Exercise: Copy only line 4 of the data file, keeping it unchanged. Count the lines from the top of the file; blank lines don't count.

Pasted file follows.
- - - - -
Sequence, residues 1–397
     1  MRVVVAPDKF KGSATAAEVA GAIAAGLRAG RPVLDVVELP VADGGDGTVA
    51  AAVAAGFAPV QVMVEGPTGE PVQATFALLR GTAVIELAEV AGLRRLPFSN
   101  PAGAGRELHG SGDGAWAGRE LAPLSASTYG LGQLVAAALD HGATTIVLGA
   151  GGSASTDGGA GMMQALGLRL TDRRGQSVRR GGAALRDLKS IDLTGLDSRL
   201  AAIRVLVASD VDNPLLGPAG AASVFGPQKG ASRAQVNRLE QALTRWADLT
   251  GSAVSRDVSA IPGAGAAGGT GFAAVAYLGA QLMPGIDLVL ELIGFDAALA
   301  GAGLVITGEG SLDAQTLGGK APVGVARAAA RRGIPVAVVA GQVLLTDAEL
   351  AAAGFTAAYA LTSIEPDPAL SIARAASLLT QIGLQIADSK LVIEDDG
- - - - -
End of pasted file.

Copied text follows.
   101  PAGAGRELHG SGDGAWAGRE LAPLSASTYG LGQLVAAALD HGATTIVLGA